Lists are an example of a type that is not a representable functor, because different lists can contain a different numbers of elements. so, for example, we can't use Integer as the representing object (ie, we can't write all lists as functions Natural -> a, because the empty list contains no elements, so it would have to be a function Empty -> a, while the list containing one element has a single element, so it would be the function () -> a, the list containing two elements has two elements, which would be the function Bool -> a, and so on.

Thus, it's impossible for us to find a representing object for a list!

Crazy example: Vectors

Since we saw that lists aren't representable, because we can query "outside their domain", the question naturally becomes, can we build a data structure such that the query remains within the domain? The answer is yes, with much trickery!

First, we'll need an encoding of natural numbers as 0 and a successor function (intuitively, +1), where we represent a number n as adding 1 n times to 0:

data NAT = ZERO | SUCC NAT deriving(Eq)

so, zero will be ZERO, one will be SUCC ZERO, two will be SUCC (SUCC ZERO), and so on. We implement countNAT to convert naturals to integers:

countNAT :: NAT -> Int
countNAT ZERO = 0
countNAT (SUCC n) = countNAT n + 1
instance Show NAT where show n = show (countNAT n)

Next, we create a type FinSet (n :: NAT) :: *, where FinSet n contains EXACTLY n members. Yes, that statement has a lot to unpack:

The type FinSet n has n :: NAT. So we can ask for FinSet ZERO, FinSet (SUCC ZERO), FinSet (SUCC (SUCC ZERO)) and so on. Notice that in reality, ZERO, SUCC ZERO and so on are values in Haskell. However, we are creating a type FinSet n which depends on values. To enable this, we use the DataKinds extension. Such types which can dependent on values fall under a class of type systems known as dependent types.

Let's first see the definition, and then try and gain some intuition of how this works:

data FinSet (n :: NAT) where
    Intros :: FinSet (SUCC n)
    Lift :: FinSet n -> FinSet (SUCC n)

Why does this work? I claim that FinSet n only has n numbers. Well, let's see. Can I ever crete a member of FinSet ZERO? No, both the constructors Intros and Lift create FinSet (Succ _) for some _, so it's impossible to get my hands on a FinSet ZERO. What about FinSet (SUCC ZERO) [aka FinSet 1]? Yes, there's one way to get such an element:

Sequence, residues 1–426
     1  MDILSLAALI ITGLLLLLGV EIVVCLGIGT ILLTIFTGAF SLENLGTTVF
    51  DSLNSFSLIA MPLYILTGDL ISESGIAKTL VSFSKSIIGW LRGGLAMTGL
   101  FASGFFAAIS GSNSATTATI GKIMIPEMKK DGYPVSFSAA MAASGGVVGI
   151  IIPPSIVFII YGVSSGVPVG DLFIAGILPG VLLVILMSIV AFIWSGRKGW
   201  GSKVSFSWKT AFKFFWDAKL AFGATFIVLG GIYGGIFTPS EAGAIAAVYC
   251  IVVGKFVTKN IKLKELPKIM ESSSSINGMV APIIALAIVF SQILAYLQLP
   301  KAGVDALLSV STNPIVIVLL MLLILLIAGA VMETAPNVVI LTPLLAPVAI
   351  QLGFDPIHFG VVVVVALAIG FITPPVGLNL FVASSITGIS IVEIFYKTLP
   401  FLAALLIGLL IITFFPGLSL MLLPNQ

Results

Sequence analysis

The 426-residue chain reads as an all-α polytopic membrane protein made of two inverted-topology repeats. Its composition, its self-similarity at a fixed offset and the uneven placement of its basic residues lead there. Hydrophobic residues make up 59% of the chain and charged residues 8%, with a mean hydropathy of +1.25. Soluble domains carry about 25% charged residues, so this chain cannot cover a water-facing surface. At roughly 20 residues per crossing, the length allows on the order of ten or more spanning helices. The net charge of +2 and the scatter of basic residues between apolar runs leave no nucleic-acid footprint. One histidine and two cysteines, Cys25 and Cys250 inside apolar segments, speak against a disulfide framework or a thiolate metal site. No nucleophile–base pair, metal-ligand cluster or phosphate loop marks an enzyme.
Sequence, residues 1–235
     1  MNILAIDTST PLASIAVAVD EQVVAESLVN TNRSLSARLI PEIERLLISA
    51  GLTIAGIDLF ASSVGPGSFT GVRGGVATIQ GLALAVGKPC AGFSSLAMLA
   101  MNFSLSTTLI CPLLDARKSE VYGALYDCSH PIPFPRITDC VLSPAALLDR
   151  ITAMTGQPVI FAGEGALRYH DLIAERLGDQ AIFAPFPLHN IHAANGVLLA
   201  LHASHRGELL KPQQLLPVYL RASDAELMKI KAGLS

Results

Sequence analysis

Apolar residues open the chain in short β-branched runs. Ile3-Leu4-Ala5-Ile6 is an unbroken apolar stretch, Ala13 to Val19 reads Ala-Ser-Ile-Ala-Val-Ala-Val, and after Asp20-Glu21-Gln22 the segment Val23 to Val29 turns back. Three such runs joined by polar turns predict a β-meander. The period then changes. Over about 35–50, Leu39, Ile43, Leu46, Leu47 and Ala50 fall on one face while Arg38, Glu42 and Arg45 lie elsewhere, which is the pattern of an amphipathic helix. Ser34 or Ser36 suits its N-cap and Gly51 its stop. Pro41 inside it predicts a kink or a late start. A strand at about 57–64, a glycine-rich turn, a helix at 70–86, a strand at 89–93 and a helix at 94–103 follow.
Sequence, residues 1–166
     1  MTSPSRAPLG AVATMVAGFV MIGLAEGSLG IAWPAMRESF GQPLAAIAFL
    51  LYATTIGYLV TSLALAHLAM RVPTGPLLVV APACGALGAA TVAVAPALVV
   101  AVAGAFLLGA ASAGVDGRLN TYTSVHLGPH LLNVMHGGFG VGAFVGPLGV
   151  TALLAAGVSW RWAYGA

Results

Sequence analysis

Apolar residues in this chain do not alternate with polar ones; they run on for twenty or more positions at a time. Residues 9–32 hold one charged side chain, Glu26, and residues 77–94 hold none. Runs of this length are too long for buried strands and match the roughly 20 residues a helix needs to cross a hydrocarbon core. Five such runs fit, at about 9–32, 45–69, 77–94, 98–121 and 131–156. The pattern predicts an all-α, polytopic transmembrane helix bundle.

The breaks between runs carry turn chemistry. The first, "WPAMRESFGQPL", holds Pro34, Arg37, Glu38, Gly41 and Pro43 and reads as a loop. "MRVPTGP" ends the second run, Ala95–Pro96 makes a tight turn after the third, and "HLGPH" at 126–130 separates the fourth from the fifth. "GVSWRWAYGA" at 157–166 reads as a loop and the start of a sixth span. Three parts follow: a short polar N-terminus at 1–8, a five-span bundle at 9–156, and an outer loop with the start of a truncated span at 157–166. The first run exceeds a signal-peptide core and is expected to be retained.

Intros :: FinSet (SUCC ZERO)

and that's the only way to get a member of FinSet (SUCC ZERO)! What about FinSet (SUCC (SUCC ZERO))? We have two inhabitants:

- Intros :: FinSet (SUCC (SUCC ZERO))
- Lift (Intros :: FinSet (SUCC ZERO)) :: FinSet (SUCC (SUCC ZERO))

and so on. Here's the Show instance for a FinSet, where we think of Intros as 1, and Lift as incrementing the number.

countFinSet :: FinSet n -> Int
countFinSet Intros = 1
countFinSet (Lift x) = 1 + countFinSet x

instance Show (FinSet n) where
    show x = show (countFinSet x)

We can use the same mechanism to encode Vector n a, a vector with exactly n elements!

data Vector (n :: NAT) (a :: *)  where
    VNil :: Vector ZERO a
    VCons :: a -> Vector n a -> Vector (SUCC n) a

instance Functor (Vector n) where
    fmap _ VNil = VNil
    fmap f (VCons a as) = VCons (f a) (fmap f as)
instance Representable (Vector n) where
    type RepresentingObj (Vector n) = FinSet n

    -- fwd :: forall x. f x ->  (RepresentingObj f -> x) 
    fwd :: forall x. Vector n x -> ((FinSet n) -> x)
    fwd (VCons x xs) Intros = x
    fwd (VCons x xs) (Lift n) = fwd xs n

    bwd :: forall x. ((FinSet n) -> x) -> Vector n x
    bwd finset2x = undefined

Unfortunately, I couldn't quite figure out how to write bwd in Haskell, thus I leave it as an exercise for the reader :)

Did you like this article?

Siddharth Bhat

mathematics ⋂ computation